Door-To-Door Gourmet

Personal chefs make meals ahead for busy families and singles.

You come home from work frazzled, fatigued, and above all, famished.

And what's for supper? Two-day old pepperoni pizza or leftover takeout Chinese?

Not tonight. Instead, there's a choice of Grilled Salmon in Caper-Dijon Sauce, Middle Eastern Lamb Ragout With Apricots, or Wild Mushroom Risotto With Grilled Chicken, all prepared by professional chefs

Too good to be true? Dennis Nosko and Christine Robinson, co-owners of A Fresh Endeavor - a Boston-based business that's part of the growing personal chef industry - are willing to stock your fridge with these and other such delicacies.

"Personal chef" might call to mind palatial homes, liveried butlers, and a live-in cook.

For Mr. Nosko and Ms. Robinson, this is just the image they want to avoid. Unlike "private chefs" (who more closely fit the previous description), personal chefs are far more affordable, flexible, and convenient.

Typically, these chefs cook in their client's home once or twice a month - they shop, bring their own equipment, and cook nine or 10 meals, which are packaged, labeled, and stored in the freezer or refrigerator. Ten two-portion meals can cost from $240 to $340, depending on the region and special considerations (organic is slightly pricier).

The industry is rapidly growing. According to David MacKay, president and founder of the United States Personal Chef Association (USPCA), there are now more than 4,100 chefs in the United States cooking for 60,000 to 70,000 customers - a sharp increase from several hundred only five years ago.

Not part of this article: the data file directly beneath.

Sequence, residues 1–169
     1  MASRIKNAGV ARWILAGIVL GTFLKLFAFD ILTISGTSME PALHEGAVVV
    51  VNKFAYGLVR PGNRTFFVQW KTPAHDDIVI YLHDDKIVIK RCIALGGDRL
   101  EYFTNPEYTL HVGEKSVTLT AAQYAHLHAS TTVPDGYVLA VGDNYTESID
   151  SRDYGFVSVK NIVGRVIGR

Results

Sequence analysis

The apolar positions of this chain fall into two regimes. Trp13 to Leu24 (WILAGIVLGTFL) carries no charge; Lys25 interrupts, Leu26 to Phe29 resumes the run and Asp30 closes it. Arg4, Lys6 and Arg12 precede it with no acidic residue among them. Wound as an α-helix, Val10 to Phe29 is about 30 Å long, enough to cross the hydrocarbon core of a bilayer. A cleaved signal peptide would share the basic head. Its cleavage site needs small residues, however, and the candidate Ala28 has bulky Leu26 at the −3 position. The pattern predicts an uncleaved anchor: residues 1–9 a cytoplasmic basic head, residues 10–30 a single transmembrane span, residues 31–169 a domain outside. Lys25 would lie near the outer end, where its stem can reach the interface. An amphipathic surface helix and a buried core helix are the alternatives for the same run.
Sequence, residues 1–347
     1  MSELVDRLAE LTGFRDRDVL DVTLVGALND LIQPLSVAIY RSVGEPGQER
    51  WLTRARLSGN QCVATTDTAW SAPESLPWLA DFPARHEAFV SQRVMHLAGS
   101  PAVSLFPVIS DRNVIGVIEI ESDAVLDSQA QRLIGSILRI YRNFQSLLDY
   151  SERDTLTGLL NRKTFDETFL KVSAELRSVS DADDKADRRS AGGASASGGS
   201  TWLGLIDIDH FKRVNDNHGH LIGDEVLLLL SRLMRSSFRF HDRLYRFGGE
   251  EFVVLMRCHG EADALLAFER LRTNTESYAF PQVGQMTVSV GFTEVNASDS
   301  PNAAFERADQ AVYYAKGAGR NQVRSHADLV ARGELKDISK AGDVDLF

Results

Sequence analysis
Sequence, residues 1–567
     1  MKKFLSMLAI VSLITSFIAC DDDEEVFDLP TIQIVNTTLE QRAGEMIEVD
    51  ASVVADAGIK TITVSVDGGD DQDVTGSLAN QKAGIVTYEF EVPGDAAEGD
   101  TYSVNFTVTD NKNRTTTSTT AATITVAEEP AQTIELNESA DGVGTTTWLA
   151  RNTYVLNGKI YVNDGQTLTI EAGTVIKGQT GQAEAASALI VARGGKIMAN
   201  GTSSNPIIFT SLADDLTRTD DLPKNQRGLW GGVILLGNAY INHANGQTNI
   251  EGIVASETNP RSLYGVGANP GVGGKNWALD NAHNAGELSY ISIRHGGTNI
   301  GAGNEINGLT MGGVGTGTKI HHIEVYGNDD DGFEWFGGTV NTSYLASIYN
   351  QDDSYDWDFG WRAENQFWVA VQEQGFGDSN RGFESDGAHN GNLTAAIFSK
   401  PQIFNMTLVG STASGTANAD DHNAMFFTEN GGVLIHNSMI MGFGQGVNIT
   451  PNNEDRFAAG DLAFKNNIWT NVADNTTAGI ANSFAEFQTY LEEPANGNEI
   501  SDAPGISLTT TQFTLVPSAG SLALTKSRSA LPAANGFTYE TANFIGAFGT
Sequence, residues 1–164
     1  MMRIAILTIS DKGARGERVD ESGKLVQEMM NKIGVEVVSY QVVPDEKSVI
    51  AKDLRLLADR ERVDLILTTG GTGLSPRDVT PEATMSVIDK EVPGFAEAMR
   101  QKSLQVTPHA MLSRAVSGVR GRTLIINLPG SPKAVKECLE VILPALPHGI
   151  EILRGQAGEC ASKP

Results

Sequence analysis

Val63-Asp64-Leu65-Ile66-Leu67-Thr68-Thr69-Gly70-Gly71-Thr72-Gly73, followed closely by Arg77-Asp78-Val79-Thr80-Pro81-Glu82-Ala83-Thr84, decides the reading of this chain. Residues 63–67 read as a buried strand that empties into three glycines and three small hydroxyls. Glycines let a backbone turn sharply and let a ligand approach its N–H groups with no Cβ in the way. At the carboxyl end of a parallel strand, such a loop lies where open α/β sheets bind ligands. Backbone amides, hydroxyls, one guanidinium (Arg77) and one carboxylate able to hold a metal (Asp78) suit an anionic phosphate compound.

Curious about the buzz, my two roommates and I decided to test out Nosko and Robinson's service.

The pair (who cook together about half the time) first came to our house to conduct an interview. It was a thorough assessment, and my knowledge of my housemates' tastes grew substantially: Delphine doesn't like corn or rice; Sarah isn't partial to potatoes. Our preferences on spiciness ranged from mild to hot. Sarah likes low-fat cooking; Delphine would prefer no Chinese or Mexican.

With so many tastes, how do chefs manage to cook for families? It's partly the individualized menus that draw their customers. Robinson mentions one man who was lactose-intolerant; his wife loved cheese. He really wanted lasagna, so Robinson created one using silken tofu, agar agar (a Japanese gelatin derived from seaweed), lemon juice, stevia (a South American herb used as a sweetener), and soy cheese. He loved it. His wife got the traditional meat and cheese dish.

While they can't make separate meals for each individual every time, Robinson feels that the extra effort "is worth it for the satisfaction the customer feels."

"I have to do a lot of probing," says Rachel Stewart, who owns The Kitchen Magician in Marin County, California. "I ask [my clients] what restaurants they go to. I ask if they'd eat a raw jalapeo."

Ms. Stewart mentions one client who requested pink tea sandwiches for a party. "We're talking magenta," she says with a laugh. Undaunted, she found a bakery that makes bread any color of the rainbow.